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I haven't been using the Big Agnes in extreme cold but it does well in moderate temps...not positively sure how well it will move moisture in real cold...I think it will do at least OK...wish the shell was black!?

I have a simple overbag that I rely on...made it myself...it's designed as a 'blanket' with lamilite insulation and lighter weight black shell fabric! I made it 12 years ago...still alive and useable!

The thin insulation black outer shell doesn't take much to dry...albeit in complete darkness in the dead of winter in the arctic...and can be aired while your breaking camp or taking a trail break...with a slight amount of sunshine and a little breeze it takes a very short amt of time to clear the bag of moisture.

The only bag I've seen designed like it is the Bozeman folk's cacoon products...I'll be trying one this season!

http://www.bozemanmountainworks.com/


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For your extended trip...I would carry the lightest weight VBL bag liner I could find - for emergency use...there may be that day when you over-do-it and your gear gets wet - you've got to bivy - and have no choice but to get into your bag wet. For that day you've got to jump into the bag 'condom' albeit destroy the integrity of your down system. That happened to me in the Arctic...I got stuck out at sea in a long storm but was making good time down wind...couldn't really get out of the boat because of unfriendly shoreline, wasn't able to change out to VBL due to rough seas...so I put the hammer down for ~9 hours (made close to 90 miles) but when I got out of the boat I was totally soaked...the bivy was on a rocky talus slope under a lightweight tarp...the VBL bag came in handy that day - didn't sleep that comfortable but my system was not compromised.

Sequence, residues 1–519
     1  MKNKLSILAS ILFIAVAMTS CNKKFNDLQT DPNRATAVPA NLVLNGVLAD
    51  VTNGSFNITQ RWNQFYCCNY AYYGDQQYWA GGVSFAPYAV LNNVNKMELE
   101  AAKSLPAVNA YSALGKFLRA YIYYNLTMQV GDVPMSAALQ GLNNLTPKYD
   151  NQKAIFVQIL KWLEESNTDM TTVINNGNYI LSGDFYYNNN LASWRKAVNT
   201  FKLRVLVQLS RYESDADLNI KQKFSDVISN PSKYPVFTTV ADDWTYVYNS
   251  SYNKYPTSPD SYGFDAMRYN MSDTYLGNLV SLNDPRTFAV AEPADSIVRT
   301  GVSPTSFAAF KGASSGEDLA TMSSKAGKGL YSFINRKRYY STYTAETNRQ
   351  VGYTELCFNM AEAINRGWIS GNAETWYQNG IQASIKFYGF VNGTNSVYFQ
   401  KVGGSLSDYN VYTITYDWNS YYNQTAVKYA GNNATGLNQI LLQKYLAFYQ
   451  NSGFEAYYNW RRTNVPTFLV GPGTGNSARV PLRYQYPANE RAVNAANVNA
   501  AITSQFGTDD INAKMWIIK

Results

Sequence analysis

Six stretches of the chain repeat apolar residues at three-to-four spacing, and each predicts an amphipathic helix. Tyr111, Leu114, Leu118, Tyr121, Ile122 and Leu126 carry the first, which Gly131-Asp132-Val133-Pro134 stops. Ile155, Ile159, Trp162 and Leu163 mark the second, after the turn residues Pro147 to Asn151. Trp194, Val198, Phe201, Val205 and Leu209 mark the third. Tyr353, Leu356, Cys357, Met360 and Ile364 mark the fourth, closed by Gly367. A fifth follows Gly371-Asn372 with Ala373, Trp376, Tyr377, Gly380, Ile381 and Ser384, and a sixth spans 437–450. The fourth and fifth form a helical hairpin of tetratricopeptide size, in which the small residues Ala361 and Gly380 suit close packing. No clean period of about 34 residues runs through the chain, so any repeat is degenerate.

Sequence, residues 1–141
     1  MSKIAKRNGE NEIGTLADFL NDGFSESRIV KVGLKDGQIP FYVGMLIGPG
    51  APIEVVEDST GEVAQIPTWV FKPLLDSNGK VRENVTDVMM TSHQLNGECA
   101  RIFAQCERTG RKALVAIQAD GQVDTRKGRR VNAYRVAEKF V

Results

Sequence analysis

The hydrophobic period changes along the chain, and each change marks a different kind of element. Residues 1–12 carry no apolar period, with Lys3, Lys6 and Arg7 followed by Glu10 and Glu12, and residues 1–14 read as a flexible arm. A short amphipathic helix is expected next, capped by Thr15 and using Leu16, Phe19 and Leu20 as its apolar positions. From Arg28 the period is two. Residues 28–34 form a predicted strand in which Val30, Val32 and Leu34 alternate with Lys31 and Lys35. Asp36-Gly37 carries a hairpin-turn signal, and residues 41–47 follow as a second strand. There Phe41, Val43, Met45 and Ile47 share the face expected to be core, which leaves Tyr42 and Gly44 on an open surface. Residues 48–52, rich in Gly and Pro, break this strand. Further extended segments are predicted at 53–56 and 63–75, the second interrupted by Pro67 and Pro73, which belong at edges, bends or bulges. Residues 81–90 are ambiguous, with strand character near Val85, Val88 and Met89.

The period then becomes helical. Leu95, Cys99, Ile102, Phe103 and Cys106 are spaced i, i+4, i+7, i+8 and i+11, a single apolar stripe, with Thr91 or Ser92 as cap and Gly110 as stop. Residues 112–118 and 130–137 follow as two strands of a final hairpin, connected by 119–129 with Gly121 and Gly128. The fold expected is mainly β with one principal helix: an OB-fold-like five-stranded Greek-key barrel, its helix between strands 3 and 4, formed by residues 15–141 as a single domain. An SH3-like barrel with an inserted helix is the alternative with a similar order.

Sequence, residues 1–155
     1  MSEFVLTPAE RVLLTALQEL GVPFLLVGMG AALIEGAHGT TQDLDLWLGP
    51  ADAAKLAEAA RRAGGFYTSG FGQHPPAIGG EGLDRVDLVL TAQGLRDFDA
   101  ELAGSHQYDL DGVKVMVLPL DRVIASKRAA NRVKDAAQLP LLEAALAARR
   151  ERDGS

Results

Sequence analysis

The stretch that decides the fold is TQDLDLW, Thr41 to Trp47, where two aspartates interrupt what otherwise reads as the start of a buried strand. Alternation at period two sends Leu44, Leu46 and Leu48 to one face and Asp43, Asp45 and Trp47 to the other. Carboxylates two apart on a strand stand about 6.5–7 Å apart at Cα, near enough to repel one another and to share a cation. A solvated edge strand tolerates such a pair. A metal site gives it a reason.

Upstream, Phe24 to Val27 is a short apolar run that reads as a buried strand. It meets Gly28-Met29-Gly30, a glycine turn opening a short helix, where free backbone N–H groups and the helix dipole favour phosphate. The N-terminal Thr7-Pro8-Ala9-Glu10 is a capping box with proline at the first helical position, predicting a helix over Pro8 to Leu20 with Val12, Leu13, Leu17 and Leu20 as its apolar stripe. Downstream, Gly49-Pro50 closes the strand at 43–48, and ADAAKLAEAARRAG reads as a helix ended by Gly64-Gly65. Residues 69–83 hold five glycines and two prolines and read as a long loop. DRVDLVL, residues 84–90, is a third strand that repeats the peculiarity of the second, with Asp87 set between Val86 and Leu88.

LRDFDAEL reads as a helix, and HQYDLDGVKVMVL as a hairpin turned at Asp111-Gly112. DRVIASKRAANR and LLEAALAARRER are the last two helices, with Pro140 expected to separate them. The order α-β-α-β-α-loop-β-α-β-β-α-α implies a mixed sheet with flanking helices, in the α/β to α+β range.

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Cheers,



Martin Leonard III



Alaskan Outdoor Center, Inc.
P.O. Box 1347 #444
450 Ridgecrest Dr. #444
Bethel, Alaska 99559
voice/fax 1.866.842.5751
http://www.alaskanoutdoorcenter.org
'Providing alternative education resources for rural Alaskans'



-----Original Message-----


Hey Martin-



Thanks for dropping a line. I was reading your fatbike blog page and got stuck on this: